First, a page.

IT decision makers are being enticed by new exciting innovations in virtualised storage such as flash, object storage, big data etc. and it may seem very old fashioned to praise the virtues of magnetic tape. Yet, many businesses have a large amount of tapes on and off their main IT sites. In this piece we look at why there is still a long term outlook for what is essentially a spool of storage on plastic film.
The versatility of tape
The reason tape is still attractive is because there are a number of reasons why it offers value. And interestingly some of these reasons are obvious to the service providers and aggregators who are finding new cost models in their cloud based models. The top reasons for tape usage are:
- Mechanically simple
- Occupies the bottom rung of the storage hierarchy
- Enjoys parallel improvements to the storage footprint as does the HDDs
- Cost effective
- Well established media for DR, and as the ultimate backup tier of last resort
- Rugged for off-site transportation
- Choice for infrequent access ie. archiving
This list demonstrates that there are numerous use cases for tape.
Another 60 years?
The tape vendors joined forces recently to coincide with the 60 year anniversary of the IBM 726. If they are seen as the custodians of a dying technology, then there a couple of reasons why that may not be the case. The LTO consortium have a roadmap for generation 7 and 8 for LTO and generation 6 products will start shipping in 2H12. Add to this the adoption by the LTO consortium and other vendors of the LTFS embedded file system that vastly expands tape usability for customers. There may not be another 60 years for magnetic tape, but the demise, as so often predicted will be protracted.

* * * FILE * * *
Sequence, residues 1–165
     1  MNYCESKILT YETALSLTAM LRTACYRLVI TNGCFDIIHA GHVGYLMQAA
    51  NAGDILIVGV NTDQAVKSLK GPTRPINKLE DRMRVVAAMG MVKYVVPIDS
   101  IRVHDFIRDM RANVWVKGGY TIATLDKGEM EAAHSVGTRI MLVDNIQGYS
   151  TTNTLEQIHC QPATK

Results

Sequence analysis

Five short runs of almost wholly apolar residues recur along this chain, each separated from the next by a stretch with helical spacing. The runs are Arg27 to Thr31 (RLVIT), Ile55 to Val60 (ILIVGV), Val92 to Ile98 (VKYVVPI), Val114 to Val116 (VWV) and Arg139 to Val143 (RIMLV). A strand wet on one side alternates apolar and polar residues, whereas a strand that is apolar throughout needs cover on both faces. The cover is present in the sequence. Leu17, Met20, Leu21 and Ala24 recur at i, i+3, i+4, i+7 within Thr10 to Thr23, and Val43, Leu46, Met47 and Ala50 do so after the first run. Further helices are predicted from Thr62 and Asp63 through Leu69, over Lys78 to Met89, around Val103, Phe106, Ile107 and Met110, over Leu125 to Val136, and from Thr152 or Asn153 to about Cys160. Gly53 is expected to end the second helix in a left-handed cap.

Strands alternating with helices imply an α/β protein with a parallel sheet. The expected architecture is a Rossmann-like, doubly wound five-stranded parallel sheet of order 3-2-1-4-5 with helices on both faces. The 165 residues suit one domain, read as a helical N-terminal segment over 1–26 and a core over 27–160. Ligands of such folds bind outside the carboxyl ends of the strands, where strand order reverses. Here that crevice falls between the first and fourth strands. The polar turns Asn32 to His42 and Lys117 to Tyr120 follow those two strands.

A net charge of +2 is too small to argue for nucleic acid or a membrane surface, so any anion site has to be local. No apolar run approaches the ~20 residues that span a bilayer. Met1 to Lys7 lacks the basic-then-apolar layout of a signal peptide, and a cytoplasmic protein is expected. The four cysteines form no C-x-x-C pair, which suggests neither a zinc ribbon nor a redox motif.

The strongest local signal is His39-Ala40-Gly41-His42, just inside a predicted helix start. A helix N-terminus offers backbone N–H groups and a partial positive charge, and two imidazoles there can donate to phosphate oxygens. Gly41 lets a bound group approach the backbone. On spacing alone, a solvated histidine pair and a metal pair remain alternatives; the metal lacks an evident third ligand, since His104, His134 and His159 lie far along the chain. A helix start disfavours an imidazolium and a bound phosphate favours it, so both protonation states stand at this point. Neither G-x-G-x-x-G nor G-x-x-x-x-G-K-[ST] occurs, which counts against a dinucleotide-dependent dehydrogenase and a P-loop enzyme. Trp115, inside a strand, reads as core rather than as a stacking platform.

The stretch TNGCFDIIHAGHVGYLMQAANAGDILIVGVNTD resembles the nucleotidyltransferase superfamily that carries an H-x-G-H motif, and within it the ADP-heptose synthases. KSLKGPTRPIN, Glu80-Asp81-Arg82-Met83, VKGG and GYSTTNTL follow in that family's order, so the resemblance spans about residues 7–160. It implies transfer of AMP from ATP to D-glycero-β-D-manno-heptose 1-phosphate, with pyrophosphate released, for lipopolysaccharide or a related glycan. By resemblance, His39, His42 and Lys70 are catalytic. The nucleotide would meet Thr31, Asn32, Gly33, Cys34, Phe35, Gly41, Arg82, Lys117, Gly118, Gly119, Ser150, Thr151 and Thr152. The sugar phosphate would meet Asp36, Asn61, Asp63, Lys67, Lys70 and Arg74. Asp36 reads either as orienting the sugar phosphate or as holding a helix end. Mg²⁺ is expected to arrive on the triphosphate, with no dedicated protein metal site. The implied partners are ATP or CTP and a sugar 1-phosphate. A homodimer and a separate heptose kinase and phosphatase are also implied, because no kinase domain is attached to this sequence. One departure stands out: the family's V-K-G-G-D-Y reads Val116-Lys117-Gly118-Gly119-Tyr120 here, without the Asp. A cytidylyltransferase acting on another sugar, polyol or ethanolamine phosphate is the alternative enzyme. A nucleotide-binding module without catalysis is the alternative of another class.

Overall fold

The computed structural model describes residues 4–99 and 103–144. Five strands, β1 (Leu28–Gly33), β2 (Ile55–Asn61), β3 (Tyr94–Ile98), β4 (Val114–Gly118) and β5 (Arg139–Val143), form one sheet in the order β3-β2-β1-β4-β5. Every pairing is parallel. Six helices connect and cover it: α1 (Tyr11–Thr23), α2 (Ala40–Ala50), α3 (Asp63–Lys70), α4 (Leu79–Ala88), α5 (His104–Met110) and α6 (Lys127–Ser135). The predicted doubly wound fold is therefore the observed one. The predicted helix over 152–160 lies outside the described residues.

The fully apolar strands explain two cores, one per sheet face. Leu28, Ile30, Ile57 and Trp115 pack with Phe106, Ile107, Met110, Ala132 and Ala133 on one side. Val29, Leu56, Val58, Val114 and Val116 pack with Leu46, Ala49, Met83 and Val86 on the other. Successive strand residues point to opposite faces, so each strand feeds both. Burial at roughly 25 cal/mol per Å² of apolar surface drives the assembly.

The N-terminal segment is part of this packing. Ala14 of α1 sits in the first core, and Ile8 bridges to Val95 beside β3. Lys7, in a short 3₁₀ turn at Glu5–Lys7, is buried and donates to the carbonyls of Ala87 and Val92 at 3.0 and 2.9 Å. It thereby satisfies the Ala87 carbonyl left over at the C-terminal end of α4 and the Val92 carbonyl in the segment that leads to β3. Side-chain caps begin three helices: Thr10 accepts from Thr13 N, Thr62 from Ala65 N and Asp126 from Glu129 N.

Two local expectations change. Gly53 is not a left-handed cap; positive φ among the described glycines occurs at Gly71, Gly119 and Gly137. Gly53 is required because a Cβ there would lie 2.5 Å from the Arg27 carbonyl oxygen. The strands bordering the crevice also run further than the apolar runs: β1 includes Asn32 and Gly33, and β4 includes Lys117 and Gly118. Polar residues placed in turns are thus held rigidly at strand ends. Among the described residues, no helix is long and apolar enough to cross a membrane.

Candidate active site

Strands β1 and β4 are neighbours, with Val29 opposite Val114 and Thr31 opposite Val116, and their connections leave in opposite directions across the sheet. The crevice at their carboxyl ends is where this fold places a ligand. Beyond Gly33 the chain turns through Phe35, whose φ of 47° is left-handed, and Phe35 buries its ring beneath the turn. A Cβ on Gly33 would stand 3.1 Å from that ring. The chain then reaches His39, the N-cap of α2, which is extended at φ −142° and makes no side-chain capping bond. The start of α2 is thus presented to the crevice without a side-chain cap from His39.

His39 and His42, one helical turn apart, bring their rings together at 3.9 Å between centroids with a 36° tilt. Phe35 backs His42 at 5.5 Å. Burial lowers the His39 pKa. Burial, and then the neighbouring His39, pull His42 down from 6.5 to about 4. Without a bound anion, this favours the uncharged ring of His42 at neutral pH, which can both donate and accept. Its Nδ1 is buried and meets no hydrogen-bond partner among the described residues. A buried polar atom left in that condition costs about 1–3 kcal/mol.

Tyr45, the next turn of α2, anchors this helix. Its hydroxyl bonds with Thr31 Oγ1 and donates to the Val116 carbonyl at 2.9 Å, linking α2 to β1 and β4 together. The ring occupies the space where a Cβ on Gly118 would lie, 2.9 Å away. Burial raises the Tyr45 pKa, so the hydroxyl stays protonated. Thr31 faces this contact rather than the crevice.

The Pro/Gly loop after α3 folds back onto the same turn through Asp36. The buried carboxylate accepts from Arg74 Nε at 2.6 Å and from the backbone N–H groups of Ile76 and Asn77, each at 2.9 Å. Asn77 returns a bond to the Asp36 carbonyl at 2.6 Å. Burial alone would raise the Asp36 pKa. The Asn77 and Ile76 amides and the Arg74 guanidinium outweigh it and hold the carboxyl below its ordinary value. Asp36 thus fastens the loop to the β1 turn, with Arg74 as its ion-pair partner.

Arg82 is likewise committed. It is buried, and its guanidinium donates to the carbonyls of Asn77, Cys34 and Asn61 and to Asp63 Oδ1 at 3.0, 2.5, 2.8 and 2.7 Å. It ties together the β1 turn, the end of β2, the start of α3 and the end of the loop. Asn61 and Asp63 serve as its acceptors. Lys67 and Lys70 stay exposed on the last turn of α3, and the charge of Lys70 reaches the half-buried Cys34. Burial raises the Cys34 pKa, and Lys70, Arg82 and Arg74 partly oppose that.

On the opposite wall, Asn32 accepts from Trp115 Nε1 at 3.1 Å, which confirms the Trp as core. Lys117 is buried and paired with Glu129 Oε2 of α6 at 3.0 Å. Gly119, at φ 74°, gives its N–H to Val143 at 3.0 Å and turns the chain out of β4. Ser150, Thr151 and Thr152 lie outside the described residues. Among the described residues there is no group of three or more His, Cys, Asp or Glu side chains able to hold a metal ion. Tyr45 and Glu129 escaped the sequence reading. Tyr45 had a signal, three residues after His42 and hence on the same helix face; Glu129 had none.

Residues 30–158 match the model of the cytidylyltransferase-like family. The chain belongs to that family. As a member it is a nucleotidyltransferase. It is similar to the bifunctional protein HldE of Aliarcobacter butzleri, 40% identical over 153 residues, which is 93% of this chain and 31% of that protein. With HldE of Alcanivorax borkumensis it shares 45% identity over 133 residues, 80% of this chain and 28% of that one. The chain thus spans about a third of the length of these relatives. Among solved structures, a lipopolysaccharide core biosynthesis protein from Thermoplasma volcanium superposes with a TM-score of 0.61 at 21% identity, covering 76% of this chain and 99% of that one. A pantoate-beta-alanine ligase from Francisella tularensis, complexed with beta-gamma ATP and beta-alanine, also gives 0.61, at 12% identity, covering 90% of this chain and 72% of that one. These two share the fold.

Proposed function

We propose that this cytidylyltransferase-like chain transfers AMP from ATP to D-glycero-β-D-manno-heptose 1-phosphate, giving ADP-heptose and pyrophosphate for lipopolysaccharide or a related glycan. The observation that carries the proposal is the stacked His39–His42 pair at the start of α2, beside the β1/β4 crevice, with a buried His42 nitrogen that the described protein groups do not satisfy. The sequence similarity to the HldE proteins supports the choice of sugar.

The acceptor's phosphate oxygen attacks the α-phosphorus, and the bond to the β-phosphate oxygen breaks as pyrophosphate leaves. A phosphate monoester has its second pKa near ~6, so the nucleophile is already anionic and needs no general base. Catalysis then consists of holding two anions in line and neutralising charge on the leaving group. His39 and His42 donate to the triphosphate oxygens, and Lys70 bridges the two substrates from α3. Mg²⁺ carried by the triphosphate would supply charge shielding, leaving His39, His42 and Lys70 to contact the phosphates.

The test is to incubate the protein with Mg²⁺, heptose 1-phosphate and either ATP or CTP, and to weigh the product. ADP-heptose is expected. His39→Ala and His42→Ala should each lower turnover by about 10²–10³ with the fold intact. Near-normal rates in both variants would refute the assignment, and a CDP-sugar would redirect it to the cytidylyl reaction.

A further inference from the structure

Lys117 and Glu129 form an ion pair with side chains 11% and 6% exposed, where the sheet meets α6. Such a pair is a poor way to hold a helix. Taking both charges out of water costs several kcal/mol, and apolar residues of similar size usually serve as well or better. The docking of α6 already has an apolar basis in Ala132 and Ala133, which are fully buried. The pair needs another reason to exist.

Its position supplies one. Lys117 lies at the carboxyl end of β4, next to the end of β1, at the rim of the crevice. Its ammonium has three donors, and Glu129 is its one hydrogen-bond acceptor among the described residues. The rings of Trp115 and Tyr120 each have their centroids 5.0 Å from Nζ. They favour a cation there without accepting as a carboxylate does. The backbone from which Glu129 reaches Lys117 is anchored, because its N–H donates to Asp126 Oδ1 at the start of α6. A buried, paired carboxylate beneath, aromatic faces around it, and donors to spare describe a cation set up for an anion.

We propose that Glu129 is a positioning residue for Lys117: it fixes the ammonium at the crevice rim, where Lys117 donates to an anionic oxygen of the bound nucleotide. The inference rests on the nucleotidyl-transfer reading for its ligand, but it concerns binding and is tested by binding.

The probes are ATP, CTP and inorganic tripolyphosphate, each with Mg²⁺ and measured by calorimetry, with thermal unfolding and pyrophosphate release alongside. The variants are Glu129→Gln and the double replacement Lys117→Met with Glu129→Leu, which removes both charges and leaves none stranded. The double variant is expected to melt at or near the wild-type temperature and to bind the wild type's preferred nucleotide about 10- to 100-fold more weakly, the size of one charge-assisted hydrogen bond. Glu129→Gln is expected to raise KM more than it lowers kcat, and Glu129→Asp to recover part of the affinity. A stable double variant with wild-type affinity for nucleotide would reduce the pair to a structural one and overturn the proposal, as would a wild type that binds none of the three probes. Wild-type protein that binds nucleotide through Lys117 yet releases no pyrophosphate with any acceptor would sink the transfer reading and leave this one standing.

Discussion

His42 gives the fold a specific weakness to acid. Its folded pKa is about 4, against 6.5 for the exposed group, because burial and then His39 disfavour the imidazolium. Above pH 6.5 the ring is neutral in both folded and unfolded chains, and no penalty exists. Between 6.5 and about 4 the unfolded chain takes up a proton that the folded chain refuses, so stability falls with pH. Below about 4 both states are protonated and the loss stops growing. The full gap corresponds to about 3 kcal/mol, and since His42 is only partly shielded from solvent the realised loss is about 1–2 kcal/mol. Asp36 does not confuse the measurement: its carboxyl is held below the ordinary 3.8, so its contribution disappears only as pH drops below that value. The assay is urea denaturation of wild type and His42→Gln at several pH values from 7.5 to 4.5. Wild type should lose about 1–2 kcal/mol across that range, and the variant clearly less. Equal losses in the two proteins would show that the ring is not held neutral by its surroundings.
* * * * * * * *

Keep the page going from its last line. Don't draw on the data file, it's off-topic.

When IT vendors suggested the replacement of tape, inventions such as virtual tape actually served to breathe new life into it. More recently it pays to observe how the super-users architect their solutions. And more importantly how they build in cost efficiency into their business models. The trade-off between access time and desire to access still stands, and compliance regulations have only imposed much longer data retention. With or without a desire for green thinking, the aggregators of cloud based IT make their solution choices with a keen eye on cost. And even a farm of multi-tiered disk arrays comes out as expensive to acquire and to run. Even long standing users of tape may learn a trick or two from†the super-users or choose to employ their services in the cloud such as DR in the cloud.
Picture credit: Spools by GRBrown1